Modified Duty: An Employer’s Silver Bullet

Time away from work can be frightening and debilitating for injured workers. They often begin to think of themselves as “disabled.” The longer they stay out of work, the harder it becomes to even approach getting back into the work routine. When that happens, depression and other mental health issues rear their heads.

Consequently, it is crucial to speed recovery through the use of modified duty, one of the most important tools an employer has to reduce lost time and costs. This is just as true for injuries compromised by behavioral or mental health issues as it is for the common slip and fall.

Modified duty is a bridge back to full duty, keeping workers active and part of the team. If you’re an employer, you should instruct your medical provider to focus on what the employee cannot do while injured, clearly delineating work restrictions.

To prove the point, for a moment, put yourself in the skin of the injured worker and imagine you are talking with your doctor about your injury. Would you want the doctor to list for you the potentially countless physical tasks you could actually still do while injured? Or, would you want the doctor to tell you the realistically few things you should not do? The latter approach is the one doctors prefer, too.

Once you have the medical restrictions, work with your supervisors to develop progressive, short-term transitional jobs and tasks. Most important, make sure that injured employees and supervisors carefully follow the physician’s restrictions: The goal is to speed recovery, not aggravate the condition and make things worse. As medical treatment continues and your medical provider gradually lifts restrictions, increase job demands to ease the employee back to his or her original job.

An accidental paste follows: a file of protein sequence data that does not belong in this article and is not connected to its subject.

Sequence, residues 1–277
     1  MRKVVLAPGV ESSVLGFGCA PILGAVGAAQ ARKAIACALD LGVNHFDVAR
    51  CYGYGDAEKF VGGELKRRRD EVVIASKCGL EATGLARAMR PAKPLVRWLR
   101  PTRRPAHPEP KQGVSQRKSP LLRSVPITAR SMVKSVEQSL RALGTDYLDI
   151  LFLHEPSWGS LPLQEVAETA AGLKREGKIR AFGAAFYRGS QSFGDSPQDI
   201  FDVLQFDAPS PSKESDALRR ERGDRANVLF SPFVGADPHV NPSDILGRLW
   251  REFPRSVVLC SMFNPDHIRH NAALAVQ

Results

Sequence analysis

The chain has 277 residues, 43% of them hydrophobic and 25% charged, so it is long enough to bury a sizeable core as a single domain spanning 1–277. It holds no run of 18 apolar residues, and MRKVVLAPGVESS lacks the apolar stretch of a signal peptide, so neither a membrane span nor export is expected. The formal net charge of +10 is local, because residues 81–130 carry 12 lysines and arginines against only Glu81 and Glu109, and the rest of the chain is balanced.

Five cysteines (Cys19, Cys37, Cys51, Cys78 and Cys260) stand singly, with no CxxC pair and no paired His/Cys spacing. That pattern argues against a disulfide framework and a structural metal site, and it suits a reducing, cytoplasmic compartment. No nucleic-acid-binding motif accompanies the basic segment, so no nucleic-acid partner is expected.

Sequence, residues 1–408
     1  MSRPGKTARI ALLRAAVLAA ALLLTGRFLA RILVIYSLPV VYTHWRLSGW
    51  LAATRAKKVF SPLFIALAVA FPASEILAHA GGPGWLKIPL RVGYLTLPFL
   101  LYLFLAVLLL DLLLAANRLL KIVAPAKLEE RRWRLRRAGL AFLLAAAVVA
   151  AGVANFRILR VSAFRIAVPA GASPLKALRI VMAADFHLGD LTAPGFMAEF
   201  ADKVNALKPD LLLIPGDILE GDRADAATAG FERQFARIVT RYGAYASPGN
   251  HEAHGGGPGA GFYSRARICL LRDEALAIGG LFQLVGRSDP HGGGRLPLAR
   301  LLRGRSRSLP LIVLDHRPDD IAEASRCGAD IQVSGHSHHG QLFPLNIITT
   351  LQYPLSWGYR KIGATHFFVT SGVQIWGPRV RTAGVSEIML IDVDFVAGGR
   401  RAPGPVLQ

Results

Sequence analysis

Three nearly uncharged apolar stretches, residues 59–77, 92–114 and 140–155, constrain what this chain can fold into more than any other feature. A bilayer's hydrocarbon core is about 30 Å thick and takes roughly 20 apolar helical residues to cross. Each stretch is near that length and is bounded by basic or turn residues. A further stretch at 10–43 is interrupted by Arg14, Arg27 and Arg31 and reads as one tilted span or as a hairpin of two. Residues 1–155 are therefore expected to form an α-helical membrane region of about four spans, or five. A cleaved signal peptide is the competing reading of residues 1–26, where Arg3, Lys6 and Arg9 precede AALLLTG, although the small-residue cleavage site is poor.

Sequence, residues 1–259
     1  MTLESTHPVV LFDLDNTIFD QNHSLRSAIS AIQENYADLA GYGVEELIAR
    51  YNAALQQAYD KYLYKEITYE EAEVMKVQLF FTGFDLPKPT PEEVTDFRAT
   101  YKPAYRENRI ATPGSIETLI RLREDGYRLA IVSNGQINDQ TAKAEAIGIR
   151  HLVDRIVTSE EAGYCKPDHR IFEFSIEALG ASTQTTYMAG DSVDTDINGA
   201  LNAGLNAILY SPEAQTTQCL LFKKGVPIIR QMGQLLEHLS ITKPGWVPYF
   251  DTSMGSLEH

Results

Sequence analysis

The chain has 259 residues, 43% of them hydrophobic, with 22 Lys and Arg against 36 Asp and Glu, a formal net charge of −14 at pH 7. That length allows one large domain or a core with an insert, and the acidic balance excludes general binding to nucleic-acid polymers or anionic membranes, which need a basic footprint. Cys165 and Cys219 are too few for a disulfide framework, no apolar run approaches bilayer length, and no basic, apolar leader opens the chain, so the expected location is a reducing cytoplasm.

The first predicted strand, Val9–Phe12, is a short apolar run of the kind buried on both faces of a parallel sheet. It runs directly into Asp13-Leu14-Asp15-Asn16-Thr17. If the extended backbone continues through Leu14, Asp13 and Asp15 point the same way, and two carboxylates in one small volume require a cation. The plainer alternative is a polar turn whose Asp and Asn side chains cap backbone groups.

Until now, the traditional method for mental health clinicians to counsel injured workers was to approach the thing as if sitting on a two-legged stool. It was the clinician and the worker. Pretty precarious and often ineffective. But the clinicians and therapists at Work Comp Psych Net know they are sitting on a solid, five-legged stool held up by the worker, the clinician, the employer, the claims adjuster and the medical provider. Our clinicians have been trained in the proper use of modified duty. They know that their job also involves helping the worker return to the workplace as soon as possible with appropriate medically supervised work restrictions.

And they will work with you to make that happen.

This is good for the worker and produces large cost savings for the employer.

That is one more way we keep our pledge to you: Recovery: Sooner -Faster – Smarter.